14.There is no indication that the Claimant reacted to the letter. At least none of the parties testified on whether the Claimant responded to the letter under reference. Inevitably, the failure by the Claimant to react to the letter triggered the next course of action by the Respondent as asserted in the letter: termination of the Claimant.
15.Although there is variance in the date of the letter and the date the Claimant indicates that the termination occurred, I note that the variance is by a day. It is therefore reasonable to hold that the termination happened around the time alluded to in the letter and the evidence by the Claimant.
16.But even if it were to be assumed that the Claimant deserted duty as suggested by the Respondent, it is now settled that an employer must take certain steps to close the contract of service of a deserting employee. These include the employer making deliberate effort to find out the whereabouts of the employee and issuing him with the requisite notice to show cause why he should not be terminated for failing to report to work (see William Gituma Gateere v RAA Limited  eKLR and Milano Electronics Limited v Dickson Nyasi Muhaso  eKLR).
17.There is no evidence to show that the Respondent subjected the Claimant to the above process. Much as the Respondent may have had good cause to consider terminating the Claimant for working for a competitor, it is clear to me that the separation of the parties was not processed in the manner contemplated in law. I will therefore declare that the Claimant was unfairly separated from the Respondent.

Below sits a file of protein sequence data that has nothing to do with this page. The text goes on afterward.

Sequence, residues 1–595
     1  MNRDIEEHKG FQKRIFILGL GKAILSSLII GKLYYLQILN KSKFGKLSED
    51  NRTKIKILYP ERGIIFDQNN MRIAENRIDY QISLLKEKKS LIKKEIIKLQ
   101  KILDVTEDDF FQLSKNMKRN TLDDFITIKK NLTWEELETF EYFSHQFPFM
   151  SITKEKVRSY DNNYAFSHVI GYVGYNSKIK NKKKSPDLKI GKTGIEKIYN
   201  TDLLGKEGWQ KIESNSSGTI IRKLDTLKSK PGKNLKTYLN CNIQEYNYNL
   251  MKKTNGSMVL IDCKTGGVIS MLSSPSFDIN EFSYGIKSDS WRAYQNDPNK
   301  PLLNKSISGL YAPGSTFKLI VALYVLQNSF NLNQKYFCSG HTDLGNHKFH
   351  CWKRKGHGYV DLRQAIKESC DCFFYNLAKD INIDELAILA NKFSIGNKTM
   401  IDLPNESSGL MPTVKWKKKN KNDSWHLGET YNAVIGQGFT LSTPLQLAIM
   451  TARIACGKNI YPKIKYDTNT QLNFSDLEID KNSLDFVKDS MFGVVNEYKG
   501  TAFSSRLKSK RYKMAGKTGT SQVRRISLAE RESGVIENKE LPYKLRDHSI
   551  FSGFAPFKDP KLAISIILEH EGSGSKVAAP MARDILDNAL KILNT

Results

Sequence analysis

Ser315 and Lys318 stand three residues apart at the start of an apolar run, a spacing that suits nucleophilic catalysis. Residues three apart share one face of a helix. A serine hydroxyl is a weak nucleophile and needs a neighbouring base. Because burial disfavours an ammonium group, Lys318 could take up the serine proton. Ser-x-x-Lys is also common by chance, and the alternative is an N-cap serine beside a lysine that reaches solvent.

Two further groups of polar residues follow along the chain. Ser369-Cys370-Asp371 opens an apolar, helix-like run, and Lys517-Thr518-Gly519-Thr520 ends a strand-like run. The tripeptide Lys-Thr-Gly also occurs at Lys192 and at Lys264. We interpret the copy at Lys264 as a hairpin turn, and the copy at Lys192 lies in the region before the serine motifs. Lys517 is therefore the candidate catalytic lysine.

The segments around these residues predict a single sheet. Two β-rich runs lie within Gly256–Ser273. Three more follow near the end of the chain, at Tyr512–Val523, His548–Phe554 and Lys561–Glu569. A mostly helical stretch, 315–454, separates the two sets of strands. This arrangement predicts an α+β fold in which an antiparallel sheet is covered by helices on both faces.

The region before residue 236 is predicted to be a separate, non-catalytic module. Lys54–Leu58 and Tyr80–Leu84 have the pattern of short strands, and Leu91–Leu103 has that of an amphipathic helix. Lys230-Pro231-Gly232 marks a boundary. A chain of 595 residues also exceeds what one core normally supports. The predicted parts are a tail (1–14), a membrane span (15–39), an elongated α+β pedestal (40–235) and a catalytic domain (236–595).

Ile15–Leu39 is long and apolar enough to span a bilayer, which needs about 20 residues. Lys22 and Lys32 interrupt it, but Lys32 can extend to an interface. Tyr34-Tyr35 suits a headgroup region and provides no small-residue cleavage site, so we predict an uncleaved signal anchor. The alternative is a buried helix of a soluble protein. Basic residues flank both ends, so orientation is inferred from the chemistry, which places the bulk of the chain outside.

18.Having found as such the next question relates to the reliefs to be granted to the Claimant. Although the Claimant has prayed for several reliefs, I am guided by the provisions of section 49 of the Employment Act in making my decision on which of these remedies to grant.
19.The court has discretion to award any of the reliefs specified under the said provision of statute. However, this discretion must be guided by the principles set out in the said section of law. For instance, the court is required to consider the extent to which the conduct of the Claimant led to her termination.
20.I note from the evidence that the Claimant was indeed serving another employer whilst she was in the Respondent’s employment. This is evidenced in the letter produced by the Respondent dated 2nd March 2016. It shows that the Claimant had, since 2014, been working for a company by the name Cebeth Enterprises Ltd which was also involved in the provision of cleaning services. Such conduct made nonsense of the Claimant’s obligation to be loyal to the Respondent.
21.The Claimant’s counsel has made a last minute attempt to discredit this letter. It is his position that since the letter was not produced by its maker, its probative value is reduced. That the court should ignore it altogether. I do not agree with this assertion. At the time of production of the letter as evidence, the Claimant raised no such objection to it. Therefore, the objection raised through his submissions comes too late in the day.
22.Taking the fact of the Claimant’s disloyalty to the Respondent into consideration, I am minded not to reward a party who was herself in breach of her contract of service by awarding her handsomely. I will therefore award the Claimant global compensation that is equivalent to her salary for five months totaling Ksh. 40,000/=.
23.I award the Claimant interest on the aforesaid award to run at court rates from the date of judgment till payment in full.
24.The award aforesaid is subject to the applicable statutory deductions as directed under section 49 of the Employment Act.
25.I award the Claimant costs of the suit.
26.I order that the Respondent issues the Claimant with a Certificate of Service in terms of section 51 of the Employment Act.